Zprávy HCJB 13.4.2007

 TWR rozděluje jihoamerickým domorodcům pevně naladěné rozhlasové přijímače.
   Ve snaze oslovit evangeliem zapadlou domorodou skupinu Ticuna v Jižní Americe přijeli do Kolumbie nedávno zástupci Trans World Radio (TWR) a Toccoa Falls College Radio Network a přivezli lidu Ticuna přenosné radiopřijímače.

Součástí společného projektu je totiž rozdělení 500 pevně laděných přijímačů určených pro příjem křesťanského vysílání pro říční kmeny na pomezí Brazílie, Peru a Kolumbie. V jejich zpěvném jazyku mají stejná slova různý význam podle výšky hlasu.

„Protože nářečí Ticuna se nepodobá žádnému jinému jazyku, je důležité oslovit tyto lidi v jejich mateřštině,“ řekl manažer TWR Jim Munger. „Rádio je výkonný nástroj k dosažení nepřístupných či zakázaných oblastí, kde etnikum Ticuna žije.

Před dvěma lety pomáhali místní partneři TWR – RTM Brazil – příslušníkům Ticuna produkovat jejich vlastní evangelizační rozhlasové pořady. Ty byly až dosud šířeny na FM v důležitých oblastech Amazonie.

*Spolu s místním partnery vysílá HCJB Global Voice evangelium na místních FM vysílačích ve čtyřech městech Kolumbie. Také pokračuje vysílání španělského programu po celé zemi a po celé Latinské Americe na krátkých vlnách z Quito.
 Všechny zprávy v angličtině.

Source: Trans World Radio
Endeavoring to reach the remote Ticuna tribe in South America with the gospel, representatives of Trans World Radio (TWR) and the Toccoa Falls College Radio Network recently traveled to Colombia and delivered portable radios to the Ticuna people.

The trip included a collaborative project to distribute 500 fixed-tuned radios that only pick up Christian broadcasts. Family Radio of Wilmington, N.C., also helped fund the project.

Ticuna is a tonal language spoken by approximately 40,000 river-oriented natives in Brazil, Peru and Colombia. Tonal languages use vocal pitch to signal different meanings between the same words.

“Since Ticuna is totally unlike any other vernacular, it is important for us to reach these people in their heart language,” said TWR’s Jim Munger. “Radio is a powerful tool to penetrate inaccessible or restricted areas like where the Ticunas live.”

For two years, TWR’s ministry partner RTM-Brazil has been helping the Ticunas produce their own evangelistic radio programs. Broadcasts are aired from local FM stations into strategic Amazon zones.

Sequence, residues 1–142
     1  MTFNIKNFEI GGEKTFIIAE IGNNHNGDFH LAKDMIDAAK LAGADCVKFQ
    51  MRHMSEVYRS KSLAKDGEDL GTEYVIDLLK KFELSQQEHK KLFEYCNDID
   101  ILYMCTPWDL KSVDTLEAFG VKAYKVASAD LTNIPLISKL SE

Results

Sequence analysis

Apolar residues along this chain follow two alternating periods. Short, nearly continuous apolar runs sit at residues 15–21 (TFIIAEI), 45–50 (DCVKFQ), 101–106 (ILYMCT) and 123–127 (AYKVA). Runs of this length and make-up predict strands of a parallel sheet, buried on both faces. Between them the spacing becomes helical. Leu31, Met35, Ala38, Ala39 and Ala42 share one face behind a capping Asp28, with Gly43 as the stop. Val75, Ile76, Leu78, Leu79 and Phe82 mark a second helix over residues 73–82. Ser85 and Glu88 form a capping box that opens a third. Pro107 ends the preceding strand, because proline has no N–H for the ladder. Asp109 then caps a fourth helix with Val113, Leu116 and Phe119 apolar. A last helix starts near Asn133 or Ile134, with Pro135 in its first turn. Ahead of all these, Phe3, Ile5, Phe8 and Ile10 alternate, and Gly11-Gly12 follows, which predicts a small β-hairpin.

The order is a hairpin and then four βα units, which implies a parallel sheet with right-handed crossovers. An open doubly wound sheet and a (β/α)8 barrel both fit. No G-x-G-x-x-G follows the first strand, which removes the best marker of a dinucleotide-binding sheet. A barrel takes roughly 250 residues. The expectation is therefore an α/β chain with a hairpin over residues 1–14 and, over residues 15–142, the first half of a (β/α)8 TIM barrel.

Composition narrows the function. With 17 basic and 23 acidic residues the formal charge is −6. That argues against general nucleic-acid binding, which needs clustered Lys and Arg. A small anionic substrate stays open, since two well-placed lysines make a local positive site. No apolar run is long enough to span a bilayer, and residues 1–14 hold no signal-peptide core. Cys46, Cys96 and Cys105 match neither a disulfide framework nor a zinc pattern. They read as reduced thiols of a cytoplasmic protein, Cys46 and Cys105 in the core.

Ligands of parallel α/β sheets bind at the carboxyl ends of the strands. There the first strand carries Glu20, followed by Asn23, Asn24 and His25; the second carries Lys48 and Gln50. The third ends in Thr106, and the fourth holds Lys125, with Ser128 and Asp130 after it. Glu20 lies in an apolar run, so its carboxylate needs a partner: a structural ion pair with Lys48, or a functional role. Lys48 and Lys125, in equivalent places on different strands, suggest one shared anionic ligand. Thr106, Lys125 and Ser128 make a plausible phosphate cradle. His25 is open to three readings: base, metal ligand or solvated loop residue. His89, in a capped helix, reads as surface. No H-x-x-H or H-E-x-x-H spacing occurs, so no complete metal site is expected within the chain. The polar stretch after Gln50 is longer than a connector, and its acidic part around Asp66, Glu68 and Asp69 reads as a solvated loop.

* Together with local partners, HCJB Global Voice broadcasts the gospel on FM stations in four Colombian cities. The ministry also continues to air Spanish programs across the country and all of Latin America via shortwave from Quito.


Source: Assist News Service
Two evangelists with hearts for people in Great Britain’s nightclub scene opened a church in a nightclub on Sunday night, April 1, at Clwb Ifor Bach on Womanby Street in Cardiff, Wales. The ministry is dubbed “Solace” by its founders. Evangelist Wendy Sanderson, who is affiliated with a society of evangelists within the Anglican Communion called Church Army, and James Karan, a young priest at Ararat Baptist Church, envision the new church as a relevant way to reach today’s young people. “James and I met a year ago, and we’ve both got a heart for people in the club scene and that kind of environment as well as people in our generation,” Sanderson explained. “We realized that a lot of people we came into contact with were saying they could never go to church so we started thinking about how we could tie in the club culture with church community and make church relevant to people. Two thousand years ago the church was just a bunch of people bound together by a common experience of Jesus Christ.” Solace will meet Sunday night with services including interaction with the speakers, live music and videos.


Source: WorldWide Religious News
A recently released sociological survey in Russia shows that for every nonbeliever in Russia there are two believers. The “Real Russia” survey, made public by the Institute for Social Projection, was based on interviews with 15,000 people. Nonbelievers (including atheists and those not affiliated with any religion) are likely to be male (66.5 percent) between the ages of 30 and 60. Religiosity among women tends to be above the national average. Nonbelievers tend to have secondary and specialized secondary education with 17 percent graduating from high school. They are not nostalgic about the former Soviet Union or obsessed by modern society’s wealth. Parallel to these findings, researchers observed that the relationship between the church and Russian society is growing closer. The number of people attending worship services in Russia has increased in the last 15 years by 6 to 7 million. The Levada Analytic Center shows that confidence in churches and other religious organizations in Russia is also growing, moving to 42 percent this year, up from 38 percent in 2006.